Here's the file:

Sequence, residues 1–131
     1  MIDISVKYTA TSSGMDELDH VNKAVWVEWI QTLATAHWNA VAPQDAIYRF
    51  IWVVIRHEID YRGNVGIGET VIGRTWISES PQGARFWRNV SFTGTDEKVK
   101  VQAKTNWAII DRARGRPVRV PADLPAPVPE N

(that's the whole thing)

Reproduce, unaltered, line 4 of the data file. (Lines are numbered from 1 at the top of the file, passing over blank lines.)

   101  VQAKTNWAII DRARGRPVRV PADLPAPVPE N